One of the very best days I spent on my California trip was an outing to Seaside Gardens in Carpinteria. Why? Because it isn’t often at all that you find a retail nursery that devotes more than three-quarters of its space to a demonstration garden creatively highlighting the plants it sells by their geographic regions!
In fact, having seen just the African garden the day before on my way north from LA, I decided to drive back south from Santa Barbara to spend several hours there. I went back into the African garden and surprised an Anna’s hummingbird nectaring on the Aloe maculata.
In the Native California garden designed by Tim Doles, California irises look lovely with lilac verbena (V. lilacina).
And naturally, since it was late March, there were huge drifts of shimmering, orange California poppies everywhere (Eschscholzia californica).
I was entranced by the flowers of the California plane tree (Platanus racemosa) with their dangling, red button flowers. A riparian species, it was sited appropriately along the wetland area.
In the Asian garden, a photinia (Photinia x fraseri) was attracting bees to its white flower clusters, and I was struck by how a plant one normally sees pruned into a tight hedge can redeem itself by appearing so beautifully au naturel.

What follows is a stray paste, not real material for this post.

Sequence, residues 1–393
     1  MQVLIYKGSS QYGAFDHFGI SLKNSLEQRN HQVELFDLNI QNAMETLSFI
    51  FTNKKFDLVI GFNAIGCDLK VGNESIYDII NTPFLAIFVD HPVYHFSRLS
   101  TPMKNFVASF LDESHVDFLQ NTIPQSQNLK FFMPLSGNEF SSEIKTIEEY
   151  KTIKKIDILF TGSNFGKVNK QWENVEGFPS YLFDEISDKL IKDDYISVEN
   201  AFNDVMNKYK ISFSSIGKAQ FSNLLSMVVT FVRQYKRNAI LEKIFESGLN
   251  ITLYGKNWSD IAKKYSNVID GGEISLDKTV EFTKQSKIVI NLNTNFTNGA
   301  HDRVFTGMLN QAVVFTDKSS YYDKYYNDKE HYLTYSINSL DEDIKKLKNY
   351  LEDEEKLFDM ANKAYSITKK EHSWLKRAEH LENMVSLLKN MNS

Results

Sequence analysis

As I walked on, I passed a woman walking her dog. “Do you come here often?” I asked. “It’s so beautiful.”
“Yes, I do,” she replied with a smile. “I’m the owner.” I had just bumped into Dr. Linda Wudl. Both she and her husband Fred are prominent scientists and philanthropists, and Seaside Gardens is her retirement project. I mentioned I was on a self-designed California garden tour and had returned to Seaside to spend more time photographing the plants, which seemed to delight her. She made sure to praise the staff — “it’s their hard work” — and then resumed her walk, adding over her shoulder: “Just look at the Chinese fringe tree – isn’t it lovely?” It certainly was.
There was a charming cottage garden, with lots of old-fashioned flowers and some new takes as well, like this pretty combination of Chinese ground orchids (Bletilla striata) and irises alongside white azaleas.
Hours of bliss later, I suddenly realized I was hungry and it was time to drive back to Santa Barbara for a late lunch. But I wanted to find a gift for my dinner host for that evening.
In the end, I selected four $3 pots of succulents and a pretty aquamarine ceramic dish and assembled my own creation at a handy potting table, using Seaside’s free container soil mix. What a great, generous idea, from a great, generous nursery! And what a wonderful visit I’d had, learning all about the myriad plants that flourish in California’s benign climate.